The old Dolly Parton hit "9 to 5" isn't a tune worth humming for the blue-collar pioneers featured in "Filthy Riches." The series spotlights ingenious Americans who skirt a conventional workplace in favor of making a living in the deep rivers, soggy mud flats and wild backwoods of the U.S. Ray Turner, for example, has been catching eels in Delaware for 30 years. He uses a self-made smokehouse in the woods to cook the critters and sell them. Billy Taylor and his sons hunt for prized ginseng root in the Appalachians. Taylor, a fully licensed wild ginseng dealer, promotes sustainability by planting its berries. In Maine, Jim Campbell and Andy Johns make the coastal mud flats their office, as they dig for valuable bloodworms to sell to fishermen. And Greg Dahl and Albert DeSilva are burl hunters. A burl is a hard, unwieldy outgrowth on a tree, usually at the trunk. Burls have value because of the spectacular patterns found in them when cut open.
Academy Award winner Morgan Freeman explores the meaning of life, God, and many big questions in between in an effort to understand how religion has evolved and shaped society. A different divine subject is covered in each hourlong episode, titles of which include "Creation," "The Devil Inside," "Afterlife," "Apocalypse," and "Who Is God?" To explore these topics, host and narrator Freeman visits nearly 20 cities in seven countries to see some of the world's greatest religious sites, among them Jerusalem's Wailing Wall, India's Bodhi Tree, Mayan temples in Guatemala, and the pyramids of Egypt, and he immerses himself in religious experiences and rituals. "In some places I found answers, and others led to more questions. The constant through it all is that we're all looking to be part of something bigger than us. If there's one thing I've learned, it's that we certainly are," Freeman says.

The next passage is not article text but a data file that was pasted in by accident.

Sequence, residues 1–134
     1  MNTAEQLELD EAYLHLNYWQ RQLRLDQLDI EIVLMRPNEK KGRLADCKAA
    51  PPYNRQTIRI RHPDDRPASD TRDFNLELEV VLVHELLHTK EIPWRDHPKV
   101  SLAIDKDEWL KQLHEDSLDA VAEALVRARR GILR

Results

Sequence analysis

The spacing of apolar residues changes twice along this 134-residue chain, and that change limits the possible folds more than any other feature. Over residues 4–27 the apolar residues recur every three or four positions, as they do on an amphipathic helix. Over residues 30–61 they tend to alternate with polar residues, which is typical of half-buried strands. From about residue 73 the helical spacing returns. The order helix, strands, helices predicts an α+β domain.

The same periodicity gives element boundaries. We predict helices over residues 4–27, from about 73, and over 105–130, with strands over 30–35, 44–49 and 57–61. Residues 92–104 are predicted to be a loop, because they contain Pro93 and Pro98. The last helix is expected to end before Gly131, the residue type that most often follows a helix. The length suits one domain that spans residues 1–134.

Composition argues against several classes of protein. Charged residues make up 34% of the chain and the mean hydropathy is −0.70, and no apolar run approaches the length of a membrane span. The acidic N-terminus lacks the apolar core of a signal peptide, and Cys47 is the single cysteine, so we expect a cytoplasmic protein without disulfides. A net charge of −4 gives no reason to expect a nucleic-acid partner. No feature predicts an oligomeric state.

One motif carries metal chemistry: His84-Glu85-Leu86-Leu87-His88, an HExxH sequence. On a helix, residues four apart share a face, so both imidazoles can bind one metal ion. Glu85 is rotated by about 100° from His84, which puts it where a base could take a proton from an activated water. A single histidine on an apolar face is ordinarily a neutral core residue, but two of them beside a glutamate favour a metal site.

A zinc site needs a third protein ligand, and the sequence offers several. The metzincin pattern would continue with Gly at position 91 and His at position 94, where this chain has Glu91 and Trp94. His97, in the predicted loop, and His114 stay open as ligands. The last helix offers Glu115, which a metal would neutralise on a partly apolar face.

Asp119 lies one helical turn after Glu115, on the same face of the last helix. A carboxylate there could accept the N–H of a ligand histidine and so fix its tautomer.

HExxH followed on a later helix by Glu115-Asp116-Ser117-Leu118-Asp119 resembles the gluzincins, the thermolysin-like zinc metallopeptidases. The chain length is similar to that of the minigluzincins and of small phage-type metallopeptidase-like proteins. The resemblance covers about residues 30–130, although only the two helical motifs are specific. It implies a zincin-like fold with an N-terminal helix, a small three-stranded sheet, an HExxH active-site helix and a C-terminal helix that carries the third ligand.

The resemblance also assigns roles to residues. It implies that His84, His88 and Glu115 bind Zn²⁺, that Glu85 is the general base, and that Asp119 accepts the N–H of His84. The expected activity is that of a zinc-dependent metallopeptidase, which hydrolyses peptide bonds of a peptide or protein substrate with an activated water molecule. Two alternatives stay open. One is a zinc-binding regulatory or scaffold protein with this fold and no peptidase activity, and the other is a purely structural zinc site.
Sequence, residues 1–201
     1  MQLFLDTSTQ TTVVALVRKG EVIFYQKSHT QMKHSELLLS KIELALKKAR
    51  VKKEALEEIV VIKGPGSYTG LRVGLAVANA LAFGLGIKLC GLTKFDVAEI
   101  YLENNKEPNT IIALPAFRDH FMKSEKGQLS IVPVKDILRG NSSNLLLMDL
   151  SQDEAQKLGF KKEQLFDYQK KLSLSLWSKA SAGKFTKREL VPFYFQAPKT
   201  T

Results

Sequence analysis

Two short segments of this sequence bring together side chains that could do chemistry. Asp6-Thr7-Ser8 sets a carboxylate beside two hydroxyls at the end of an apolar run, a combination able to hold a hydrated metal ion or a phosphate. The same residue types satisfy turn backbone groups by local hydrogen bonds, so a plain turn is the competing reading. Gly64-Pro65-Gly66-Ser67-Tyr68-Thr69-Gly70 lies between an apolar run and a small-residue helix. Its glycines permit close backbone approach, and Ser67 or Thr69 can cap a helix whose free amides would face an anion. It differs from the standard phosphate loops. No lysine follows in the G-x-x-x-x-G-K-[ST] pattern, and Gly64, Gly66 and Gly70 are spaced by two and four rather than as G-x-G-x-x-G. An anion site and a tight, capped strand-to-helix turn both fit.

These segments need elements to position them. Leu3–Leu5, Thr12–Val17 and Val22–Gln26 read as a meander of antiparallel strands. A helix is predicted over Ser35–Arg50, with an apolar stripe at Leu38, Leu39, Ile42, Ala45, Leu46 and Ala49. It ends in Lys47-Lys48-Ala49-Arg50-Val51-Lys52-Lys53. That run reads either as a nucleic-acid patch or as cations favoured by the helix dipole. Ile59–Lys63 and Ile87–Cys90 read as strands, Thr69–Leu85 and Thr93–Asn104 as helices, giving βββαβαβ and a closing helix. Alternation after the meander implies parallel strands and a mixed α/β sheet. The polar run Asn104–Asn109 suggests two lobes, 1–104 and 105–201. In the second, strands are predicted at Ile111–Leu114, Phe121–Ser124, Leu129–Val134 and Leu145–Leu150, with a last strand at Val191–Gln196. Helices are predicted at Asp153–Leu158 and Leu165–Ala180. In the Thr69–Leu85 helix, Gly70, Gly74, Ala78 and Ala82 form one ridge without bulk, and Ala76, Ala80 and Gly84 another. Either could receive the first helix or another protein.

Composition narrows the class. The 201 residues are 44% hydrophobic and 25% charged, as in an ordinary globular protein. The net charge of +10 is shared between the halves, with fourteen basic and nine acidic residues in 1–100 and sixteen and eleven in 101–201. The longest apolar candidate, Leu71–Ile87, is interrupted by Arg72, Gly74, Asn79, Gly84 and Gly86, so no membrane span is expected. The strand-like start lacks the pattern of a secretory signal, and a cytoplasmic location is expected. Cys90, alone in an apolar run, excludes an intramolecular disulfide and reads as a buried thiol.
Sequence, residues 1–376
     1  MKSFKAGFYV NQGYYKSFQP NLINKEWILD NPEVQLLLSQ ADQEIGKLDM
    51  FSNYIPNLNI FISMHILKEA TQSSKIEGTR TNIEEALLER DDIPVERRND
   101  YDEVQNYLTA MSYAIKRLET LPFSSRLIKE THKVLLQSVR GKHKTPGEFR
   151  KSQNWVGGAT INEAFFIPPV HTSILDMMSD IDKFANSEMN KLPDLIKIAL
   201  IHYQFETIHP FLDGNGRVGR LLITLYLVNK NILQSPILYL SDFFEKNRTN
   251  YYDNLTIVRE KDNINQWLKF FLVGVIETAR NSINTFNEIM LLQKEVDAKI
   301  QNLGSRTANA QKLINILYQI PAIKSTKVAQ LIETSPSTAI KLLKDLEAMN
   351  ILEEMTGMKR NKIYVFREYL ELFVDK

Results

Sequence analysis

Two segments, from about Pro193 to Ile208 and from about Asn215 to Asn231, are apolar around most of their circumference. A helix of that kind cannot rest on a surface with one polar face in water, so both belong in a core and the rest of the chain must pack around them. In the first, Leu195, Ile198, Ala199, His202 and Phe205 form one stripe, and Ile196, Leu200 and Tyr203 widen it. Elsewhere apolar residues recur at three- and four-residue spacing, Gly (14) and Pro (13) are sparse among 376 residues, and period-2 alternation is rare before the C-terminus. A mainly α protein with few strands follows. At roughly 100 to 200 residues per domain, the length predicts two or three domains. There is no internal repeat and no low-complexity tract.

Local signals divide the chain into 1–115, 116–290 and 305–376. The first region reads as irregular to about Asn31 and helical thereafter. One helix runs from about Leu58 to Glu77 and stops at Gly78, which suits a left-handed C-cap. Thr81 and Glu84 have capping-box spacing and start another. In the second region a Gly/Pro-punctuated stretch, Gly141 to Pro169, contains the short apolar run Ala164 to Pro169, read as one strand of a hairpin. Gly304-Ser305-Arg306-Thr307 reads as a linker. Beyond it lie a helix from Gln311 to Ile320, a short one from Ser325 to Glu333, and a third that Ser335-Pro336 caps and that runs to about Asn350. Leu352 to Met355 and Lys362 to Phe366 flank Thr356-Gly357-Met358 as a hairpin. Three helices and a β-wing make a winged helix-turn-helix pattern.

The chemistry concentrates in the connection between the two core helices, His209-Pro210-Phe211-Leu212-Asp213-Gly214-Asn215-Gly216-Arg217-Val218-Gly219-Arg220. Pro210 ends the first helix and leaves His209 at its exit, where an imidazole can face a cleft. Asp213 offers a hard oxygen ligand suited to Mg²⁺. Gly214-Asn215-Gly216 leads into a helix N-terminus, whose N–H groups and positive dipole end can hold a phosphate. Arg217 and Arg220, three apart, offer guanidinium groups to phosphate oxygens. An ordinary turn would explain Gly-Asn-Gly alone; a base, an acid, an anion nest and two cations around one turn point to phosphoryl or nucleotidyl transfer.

Most people who drive by an abandoned building see, well, an abandoned building. Jay Chaikin sees dollar signs. This series follows Chaikin and his partners Dan Graham and Mark Pakenas as they scour through dark, dank and dilapidated structures across the U.S. in hopes of uncovering forgotten pieces of American history. For every item they uncover in such places as the former Pabst Brewing Co. headquarters in Milwaukee, a grist mill in Maryland, and a 170-year-old church in Philadelphia, Chaikin must negotiate its sale from the building's owners, a process that can be the hardest part of his job. But he rarely leaves any site empty-handed. He takes what he buys back to his workshop in Pennsylvania to refurbish before reselling them.